We assessed 39 volunteers for eligibility. Four were excluded for medical reasons and 11 later declined to take part in the study. Of the remainder, 24 were admitted to the study, 6 male and 18 female, aged 21 (6) years, and weighing 70 (10)> kg. Four subjects were later excluded from analysis for technical reasons. In 2, mask fit was inadequate: 1 subject did not perform the tapping test correctly, and some data were inadvertently lost from 1 subject's records. A further subject received the gases in the incorrect order; these data were excluded from the initial statistical analysis of DSST responses (which included assessment of an order effect) but were included in all other analysis.
The mean end-tidal concentrations of nitrous oxide achieved during the 5% and 30% sessions were close to the target values, being 4.7% (0.5) and 27.2% (2.2), respectively. All subjects correctly identified 30% nitrous oxide, but only 61% were correct in judging which gas was 5% nitrous oxide.
The distributions of the DSST and tapping test values were normal. Nitrous oxide reduced the DSST (F = 8.73, P < 0.0001). Nitrous oxide, at 30%, reduced the DSST from 69.7 (10.4) to 53.5 (10.9) (P = 0.008) and DSST was not affected by 5% nitrous oxide. (Fig. 2) The order of gas administration did not significantly influence these effects (F = 2.35, P = 0.10) and there was no interaction between order of the gas administration and the effect of the gas (F = 0.54, P = 0.86).
The number of taps in a test period was reduced from 122 (15) to 113 (15) by 30% nitrous oxide (P = 0.018), but the effect was much more variable than for the DSST results, with some subjects showing an increase in tapping. In 9 of the 20 subjects, 30% nitrous oxide caused a significant reduction in tapping. In these subjects, tap number decreased from 127 (16) to 110 (17). Figure 3 compares the relative responses of DSST scores and tapping numbers in individual subjects, and also indicates those subjects in whom there was a significant reduction in the number of taps.
To relate the effects of nitrous oxide to the changes in tapping frequency, we modeled brain concentrations in those subjects who had a significant change in tapping frequency. Because maximum impairment to tapping frequency was reached within 5 minutes of starting nitrous oxide administration, we plotted the early data for washin and washout to relate the predicted brain concentrations to the drug effect. (Fig. 4) With a half-time of 2 minutes, the loop area was less than with other half-times.
We found a plausible fit between modeled concentration and the drug effect when a half-time of 2 minutes is used in this simple model. This is equivalent to a time constant of 0.34 minutes. If the blood/tissue partition coefficient for nitrous oxide in nervous tissue is approximately 1,9 then this would indicate that effect-site bloodflow is of the order of 34 mL 100 g−1 min−1. This is rather less than current measures of cerebral bloodflow10 and consistent with previous measures of cerebral bloodflow obtained during anesthesia with other drugs.7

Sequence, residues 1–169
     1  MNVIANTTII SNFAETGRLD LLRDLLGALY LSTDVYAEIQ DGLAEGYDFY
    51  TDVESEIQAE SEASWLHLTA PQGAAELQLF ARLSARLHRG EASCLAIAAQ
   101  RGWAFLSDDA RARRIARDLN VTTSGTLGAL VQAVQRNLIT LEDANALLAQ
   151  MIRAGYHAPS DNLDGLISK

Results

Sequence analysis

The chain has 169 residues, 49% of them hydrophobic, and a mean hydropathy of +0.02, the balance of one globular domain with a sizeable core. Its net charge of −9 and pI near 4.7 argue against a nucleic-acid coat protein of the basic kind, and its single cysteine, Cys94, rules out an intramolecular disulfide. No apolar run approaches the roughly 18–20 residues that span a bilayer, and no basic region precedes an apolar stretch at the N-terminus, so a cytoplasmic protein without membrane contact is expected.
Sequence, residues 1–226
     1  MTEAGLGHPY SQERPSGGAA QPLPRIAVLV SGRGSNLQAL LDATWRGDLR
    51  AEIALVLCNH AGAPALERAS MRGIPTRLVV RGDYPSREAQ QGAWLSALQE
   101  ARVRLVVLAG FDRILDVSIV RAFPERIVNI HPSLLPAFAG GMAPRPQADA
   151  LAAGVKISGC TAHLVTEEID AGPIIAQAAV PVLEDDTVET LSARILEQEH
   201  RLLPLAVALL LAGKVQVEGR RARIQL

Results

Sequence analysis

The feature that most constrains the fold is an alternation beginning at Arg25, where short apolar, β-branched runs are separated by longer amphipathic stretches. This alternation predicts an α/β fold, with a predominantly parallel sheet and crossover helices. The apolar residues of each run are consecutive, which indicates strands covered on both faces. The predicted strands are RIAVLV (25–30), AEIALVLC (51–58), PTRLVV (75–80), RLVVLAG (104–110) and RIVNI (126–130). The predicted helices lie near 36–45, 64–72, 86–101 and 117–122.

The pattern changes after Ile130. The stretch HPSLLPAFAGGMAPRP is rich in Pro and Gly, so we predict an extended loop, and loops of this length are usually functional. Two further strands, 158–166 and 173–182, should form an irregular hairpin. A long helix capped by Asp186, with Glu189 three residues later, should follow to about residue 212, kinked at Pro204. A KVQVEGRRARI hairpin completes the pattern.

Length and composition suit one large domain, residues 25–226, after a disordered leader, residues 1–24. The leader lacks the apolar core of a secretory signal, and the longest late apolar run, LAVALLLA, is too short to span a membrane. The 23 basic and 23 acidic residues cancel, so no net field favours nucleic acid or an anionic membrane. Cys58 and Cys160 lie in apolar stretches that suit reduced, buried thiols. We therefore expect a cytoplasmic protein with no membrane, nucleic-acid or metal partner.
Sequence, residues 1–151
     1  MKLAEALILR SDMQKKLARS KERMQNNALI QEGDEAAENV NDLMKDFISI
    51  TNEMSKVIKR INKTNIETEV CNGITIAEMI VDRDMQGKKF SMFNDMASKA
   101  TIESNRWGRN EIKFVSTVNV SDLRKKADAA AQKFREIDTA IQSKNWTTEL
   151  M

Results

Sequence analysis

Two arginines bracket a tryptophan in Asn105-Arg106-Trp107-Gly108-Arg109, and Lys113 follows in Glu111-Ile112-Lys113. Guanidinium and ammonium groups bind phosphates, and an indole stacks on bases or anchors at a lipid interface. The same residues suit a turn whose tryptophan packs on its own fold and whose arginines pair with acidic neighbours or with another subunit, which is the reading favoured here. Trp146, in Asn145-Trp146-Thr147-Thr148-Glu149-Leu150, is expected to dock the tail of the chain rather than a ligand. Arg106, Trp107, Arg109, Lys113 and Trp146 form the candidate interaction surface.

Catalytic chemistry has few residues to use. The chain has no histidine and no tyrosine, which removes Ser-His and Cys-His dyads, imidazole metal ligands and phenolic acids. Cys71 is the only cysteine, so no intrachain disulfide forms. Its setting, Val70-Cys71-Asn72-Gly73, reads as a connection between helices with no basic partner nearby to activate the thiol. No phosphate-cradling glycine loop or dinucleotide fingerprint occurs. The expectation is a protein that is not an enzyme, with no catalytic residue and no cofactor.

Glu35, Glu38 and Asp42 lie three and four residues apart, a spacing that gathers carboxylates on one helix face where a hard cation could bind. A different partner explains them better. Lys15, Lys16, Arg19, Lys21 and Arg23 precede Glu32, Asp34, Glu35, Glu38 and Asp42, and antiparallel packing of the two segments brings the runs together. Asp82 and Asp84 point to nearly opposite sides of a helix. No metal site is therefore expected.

The tapping test has been used by previous investigators6,11 and gives a convenient measure of subanesthetic impairment that can be easily and frequently repeated. The dose of nitrous oxide that we chose has significant effects, although previous reports only gave summary measures and had not indicated the individual susceptibility. Before the study was done, we did not appreciate that some subjects might be less affected than others, although with hindsight this was predictable. Although the test is a good measure of psychomotor impairment, it represents the outcome of several related processes, and we assume that the most susceptible of these is located in the nervous system. Although the task appears straightforward, many elements in task performance are involved, such as motivation, sensory input, central processing, coordination of movement, and motor activity. In addition factors such as learning, boredom, and distraction may be affected by anesthetics.12 Our study plan allowed us to sustain constant conditions, and the experiment was carefully designed to minimize or account for confounding effects. We believe that with this dose of inhaled drug, the most likely effect that we are detecting is a central one, which includes not only the cerebral cortex, but also subcortical and spinal systems involved with motor performance.